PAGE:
The more you follow the long term plans of the city planning department in any major city, the more you start to wonder if vehicles are becoming passé. I would even go as far as to say that cars are becoming uncool.
In the past few years there has been a dramatic shift in how the general public views city planning. I am confident that city planners have been pushing for improved public transit and accessibility for alternative modes of transportation (such as bikes and walking) for much longer, but these pursuits seem to now be on the forefront of the general public minds as well.
This shift in city planning goals is evident in the redesign occurring within the City of Ottawa. Currently under development is the first phase in the city’s long-time-coming, much-anticipated light rail transit system. While the light rail system in itself will revolutionize transit within the city, the trickle down effects of this public transit move can be seen all over.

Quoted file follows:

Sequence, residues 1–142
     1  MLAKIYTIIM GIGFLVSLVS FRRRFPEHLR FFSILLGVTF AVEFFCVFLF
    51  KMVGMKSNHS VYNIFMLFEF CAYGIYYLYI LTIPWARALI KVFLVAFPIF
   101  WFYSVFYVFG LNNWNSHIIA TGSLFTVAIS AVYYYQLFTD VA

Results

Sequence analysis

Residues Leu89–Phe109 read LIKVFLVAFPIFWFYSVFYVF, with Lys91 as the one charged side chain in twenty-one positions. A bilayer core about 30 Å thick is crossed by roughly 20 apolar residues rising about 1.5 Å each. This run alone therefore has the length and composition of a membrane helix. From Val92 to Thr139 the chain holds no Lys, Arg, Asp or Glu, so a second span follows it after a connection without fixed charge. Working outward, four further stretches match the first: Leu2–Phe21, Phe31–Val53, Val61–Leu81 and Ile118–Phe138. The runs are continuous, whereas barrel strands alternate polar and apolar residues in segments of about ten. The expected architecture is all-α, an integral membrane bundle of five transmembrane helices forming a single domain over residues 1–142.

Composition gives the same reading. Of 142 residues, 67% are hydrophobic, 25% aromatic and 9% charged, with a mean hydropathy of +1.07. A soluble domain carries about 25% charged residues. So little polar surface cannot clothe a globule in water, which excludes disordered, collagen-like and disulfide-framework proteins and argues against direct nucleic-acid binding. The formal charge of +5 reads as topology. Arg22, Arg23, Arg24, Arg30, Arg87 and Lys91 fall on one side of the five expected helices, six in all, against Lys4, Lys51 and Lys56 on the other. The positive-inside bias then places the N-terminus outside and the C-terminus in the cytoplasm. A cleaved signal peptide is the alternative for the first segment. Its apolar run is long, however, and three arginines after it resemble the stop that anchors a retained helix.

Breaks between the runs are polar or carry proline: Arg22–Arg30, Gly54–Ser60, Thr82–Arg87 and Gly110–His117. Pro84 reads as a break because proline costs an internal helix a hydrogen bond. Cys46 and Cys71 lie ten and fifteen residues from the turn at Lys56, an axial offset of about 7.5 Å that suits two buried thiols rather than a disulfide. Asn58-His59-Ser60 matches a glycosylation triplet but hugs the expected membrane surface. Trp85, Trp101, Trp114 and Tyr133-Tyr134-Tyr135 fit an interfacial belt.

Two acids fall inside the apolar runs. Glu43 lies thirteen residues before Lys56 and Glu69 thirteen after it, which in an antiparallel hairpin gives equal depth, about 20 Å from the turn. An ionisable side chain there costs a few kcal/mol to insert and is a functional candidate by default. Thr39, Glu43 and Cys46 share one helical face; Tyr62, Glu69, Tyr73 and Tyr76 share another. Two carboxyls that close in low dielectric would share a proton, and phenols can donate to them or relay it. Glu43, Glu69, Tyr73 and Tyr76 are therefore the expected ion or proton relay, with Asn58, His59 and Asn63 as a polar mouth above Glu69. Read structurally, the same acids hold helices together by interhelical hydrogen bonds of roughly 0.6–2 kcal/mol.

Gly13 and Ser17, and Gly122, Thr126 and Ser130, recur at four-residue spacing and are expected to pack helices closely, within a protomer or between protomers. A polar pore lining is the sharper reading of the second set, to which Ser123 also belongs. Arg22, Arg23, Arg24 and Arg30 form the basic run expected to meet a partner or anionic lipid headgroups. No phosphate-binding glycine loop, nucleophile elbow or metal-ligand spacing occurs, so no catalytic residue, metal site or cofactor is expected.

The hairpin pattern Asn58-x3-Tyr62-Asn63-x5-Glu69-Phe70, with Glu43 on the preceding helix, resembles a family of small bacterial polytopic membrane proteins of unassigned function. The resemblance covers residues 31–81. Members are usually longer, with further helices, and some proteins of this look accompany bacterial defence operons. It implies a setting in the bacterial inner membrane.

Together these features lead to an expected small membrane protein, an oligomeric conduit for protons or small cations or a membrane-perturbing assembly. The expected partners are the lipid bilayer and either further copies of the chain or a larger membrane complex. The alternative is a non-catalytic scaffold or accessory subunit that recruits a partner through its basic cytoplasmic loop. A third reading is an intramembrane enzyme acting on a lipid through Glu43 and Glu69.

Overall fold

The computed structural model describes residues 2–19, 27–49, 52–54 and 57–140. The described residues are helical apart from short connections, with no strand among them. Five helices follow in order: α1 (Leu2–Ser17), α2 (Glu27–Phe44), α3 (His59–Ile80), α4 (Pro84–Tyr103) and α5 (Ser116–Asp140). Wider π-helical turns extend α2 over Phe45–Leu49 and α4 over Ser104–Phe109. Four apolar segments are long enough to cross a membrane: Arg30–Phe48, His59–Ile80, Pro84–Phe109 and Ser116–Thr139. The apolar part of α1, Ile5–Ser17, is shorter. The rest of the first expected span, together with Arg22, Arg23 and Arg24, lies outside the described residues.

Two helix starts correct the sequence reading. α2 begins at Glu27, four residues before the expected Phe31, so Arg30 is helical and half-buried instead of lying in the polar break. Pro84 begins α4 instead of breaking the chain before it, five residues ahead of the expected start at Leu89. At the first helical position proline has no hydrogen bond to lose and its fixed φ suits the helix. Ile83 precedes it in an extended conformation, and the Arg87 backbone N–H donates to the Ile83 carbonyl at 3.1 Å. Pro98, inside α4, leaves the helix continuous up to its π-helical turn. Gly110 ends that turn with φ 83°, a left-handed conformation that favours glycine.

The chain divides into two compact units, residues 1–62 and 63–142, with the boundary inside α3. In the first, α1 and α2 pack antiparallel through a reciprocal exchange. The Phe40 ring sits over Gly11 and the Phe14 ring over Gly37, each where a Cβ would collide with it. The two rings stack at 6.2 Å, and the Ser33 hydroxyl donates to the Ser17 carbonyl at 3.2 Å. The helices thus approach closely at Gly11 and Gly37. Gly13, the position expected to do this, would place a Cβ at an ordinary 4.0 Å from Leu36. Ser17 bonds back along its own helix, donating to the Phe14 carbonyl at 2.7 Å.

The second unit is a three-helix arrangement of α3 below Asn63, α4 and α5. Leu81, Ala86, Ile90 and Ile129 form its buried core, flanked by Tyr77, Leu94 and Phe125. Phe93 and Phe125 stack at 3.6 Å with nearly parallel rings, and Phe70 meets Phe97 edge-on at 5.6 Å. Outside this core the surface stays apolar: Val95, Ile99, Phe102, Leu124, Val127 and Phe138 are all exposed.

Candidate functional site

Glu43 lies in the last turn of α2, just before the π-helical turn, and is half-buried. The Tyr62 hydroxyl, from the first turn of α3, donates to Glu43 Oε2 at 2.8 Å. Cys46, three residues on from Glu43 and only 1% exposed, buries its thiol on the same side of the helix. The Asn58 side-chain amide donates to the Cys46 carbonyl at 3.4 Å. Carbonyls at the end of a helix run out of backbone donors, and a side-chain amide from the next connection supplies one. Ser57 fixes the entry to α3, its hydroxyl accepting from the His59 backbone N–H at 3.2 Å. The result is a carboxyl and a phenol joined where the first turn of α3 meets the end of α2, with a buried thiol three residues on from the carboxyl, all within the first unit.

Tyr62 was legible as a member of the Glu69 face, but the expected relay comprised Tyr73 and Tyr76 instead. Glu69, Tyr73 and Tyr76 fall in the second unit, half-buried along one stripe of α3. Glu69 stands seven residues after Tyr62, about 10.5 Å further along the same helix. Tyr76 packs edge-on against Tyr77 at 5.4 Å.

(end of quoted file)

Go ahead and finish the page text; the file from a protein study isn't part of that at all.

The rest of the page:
Just this week, Ottawa council’s transportation committee unveiled a $42-million dollar redevelopment plan for Elgin Street – a major urban street for both business and recreation.
The two-year project will substantially widen sidewalks, eliminate on-street parking, and reduce the street to one lane, each direction, meant to be shared by cars, buses and bikes. In order to accommodate shared use lanes for cyclists, drivers and transit facilities, the “new” Elgin Street will also feature reduced speed limits and traffic calming measures, including speeds bumps, curb extensions, and lane narrowing.
Projects such as this suggest that urban roads are no longer being designed with cars in mind. From an environmental perspective, this is a positive change. By redesigning our urban roads to discourage personal car transit and encourage cycling, walking and public transit, we are making steps towards changing the overall belief that exists in our society that we need a personal vehicle.
The goal of these projects is to empower urban residents to live without a car completely, and encourage rural or suburban residents to utilize park-and-ride options when visiting the downtown core. Personally, I think that is a beautiful vision for the future of our cities – not only for environmental reasons, but also for the physical and emotional health of residents and the community.
How do you feel about city roads that are no longer designed with cars in mind?
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